Posted by Larry Hoover on March 13, 2005, at 22:35:01
In reply to Re: Is it worth changing, posted by Dr. Bob on March 11, 2005, at 2:45:58
> > When someone is mostly supportive and / or informative then it is a shame that they get blocked for such long periods of time.
> > Is it worth changing the system to retain them?
> > IMO yes.
> > alexandra_k
I wanted to think long and hard before I expressed my opinion on this issue.
> IMO, it's a shame to lose any support or information, but:
> Is it worth it to whom? It may be worth it to the mostly supportive = repeatedly uncivil poster, sure. Is it worth it to other posters?
Given the upset that has arisen amongst Babblers in general when lengthy or marginal blocks have been given out, I have to answer affirmatively to your latter question. Most definitely, all Babblehood is affected by lengthy blocks.
There may well be individuals that fall into a category of being mostly unsupportive, or who fail to make much effort at civility. For those posters, recurrent blocks would end up being virtually indistinguishable from one massive block. If it's not worth their trouble to modify behaviour under the punitive regime now in place, I can't see those 52 week blocks being any sort of deterrent, in any case.
No, the ones most likely to respond to the fist in a velvet glove are the majority of people who get blocked. Those whose passion got the better of them. Those who were triggered by subconscious reactions. Those who are trying to work through issues, and learn how to do things better. Those caring enough to try to be more civil, in fact. To learn from mistakes.
Believe me, a block of eight weeks is not insubstantial. I resigned from Babble over a six week block. It is the exponential increase in block duration that is most hurtful to the intent of the disciplinary act itself. Is not the intent to provide motive for change? But if the punishment increases at a rate that exceeds the capacity for change, what happens to the desire to change? It is crushed.
> The question could also be turned around, is it worth it to those posters to change how they post in order to be retained?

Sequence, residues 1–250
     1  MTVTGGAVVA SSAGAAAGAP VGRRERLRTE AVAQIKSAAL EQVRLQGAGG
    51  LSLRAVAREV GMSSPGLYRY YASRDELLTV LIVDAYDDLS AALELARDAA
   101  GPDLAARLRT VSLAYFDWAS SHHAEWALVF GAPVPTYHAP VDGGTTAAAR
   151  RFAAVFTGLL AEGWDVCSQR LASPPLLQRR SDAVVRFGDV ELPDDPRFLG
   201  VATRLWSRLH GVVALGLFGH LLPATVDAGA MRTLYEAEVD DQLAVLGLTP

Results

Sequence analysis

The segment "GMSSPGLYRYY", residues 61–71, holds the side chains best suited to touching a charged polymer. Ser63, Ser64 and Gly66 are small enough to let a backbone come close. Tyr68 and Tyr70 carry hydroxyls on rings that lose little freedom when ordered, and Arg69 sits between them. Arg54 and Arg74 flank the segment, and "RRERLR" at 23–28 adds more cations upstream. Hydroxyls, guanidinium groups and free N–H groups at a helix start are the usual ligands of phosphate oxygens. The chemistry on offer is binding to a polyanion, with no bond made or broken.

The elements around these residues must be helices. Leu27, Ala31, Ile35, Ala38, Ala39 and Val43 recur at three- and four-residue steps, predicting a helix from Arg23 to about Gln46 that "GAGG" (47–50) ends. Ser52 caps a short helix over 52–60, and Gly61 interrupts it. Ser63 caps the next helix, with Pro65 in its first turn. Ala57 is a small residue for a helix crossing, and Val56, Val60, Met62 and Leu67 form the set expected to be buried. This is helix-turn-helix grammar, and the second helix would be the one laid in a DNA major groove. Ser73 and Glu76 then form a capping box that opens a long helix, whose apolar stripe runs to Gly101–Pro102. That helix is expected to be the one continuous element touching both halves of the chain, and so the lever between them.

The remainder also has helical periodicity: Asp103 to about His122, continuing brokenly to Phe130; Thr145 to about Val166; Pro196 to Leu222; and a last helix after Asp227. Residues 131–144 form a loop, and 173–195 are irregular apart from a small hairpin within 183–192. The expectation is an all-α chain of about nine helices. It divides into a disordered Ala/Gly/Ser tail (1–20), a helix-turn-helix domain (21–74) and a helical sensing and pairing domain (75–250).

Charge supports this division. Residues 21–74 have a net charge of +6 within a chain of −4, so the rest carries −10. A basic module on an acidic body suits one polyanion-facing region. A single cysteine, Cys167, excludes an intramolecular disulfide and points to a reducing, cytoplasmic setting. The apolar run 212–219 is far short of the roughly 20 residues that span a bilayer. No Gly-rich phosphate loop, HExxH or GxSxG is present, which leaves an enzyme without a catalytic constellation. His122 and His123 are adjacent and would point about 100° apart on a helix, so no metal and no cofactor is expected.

One must never take away dignity or respect or compassion while trying to invoke discipline. I fear the doubling and tripling block system fails in all three realms.
> > I suspect Dr. Bob has decided to stop being a tease when he has no intention of putting out change. I actually appreciate that. It's very frustrating to think you have a chance of getting somewhere with him, when in truth you don't.
> > Dinah
> It's nice to be appreciated, but there's a difference between needing a compelling reason to change and just not intending to...
When I saw people getting multi-week blocks for uttering an exuberant self-congratulatory "I kicked *ss!", I was heart-broken. Now we have an automatic asterisk system. The "crime" has not been redefined, it has been accomodated. It has been accomodated by offering a default setting that precludes blocking arising from a simple failure of self-censoring or inattention.
The motive force for changing that aspect of Babbledom was the general sense that the magnitude of the punishment was not in accord with the violation.
It is my sense that blocks in excess of eight weeks duration are not in accord with any system of justice that I can accomodate.
I truly hope the maximums are substantially reduced, along with the rate of escalation towards those maximums. Progressive discipline will not be lost if the rate of escalation is reduced. Recurrent maximum blocks will have virtually identical effects as the sanctions now in place. It is the middle ground cases that will most benefit. Those most amenable to efforts to modify behaviour. Those are the posters who disappear under the current regime. Those needlessly lost to us. And I may be the next to go.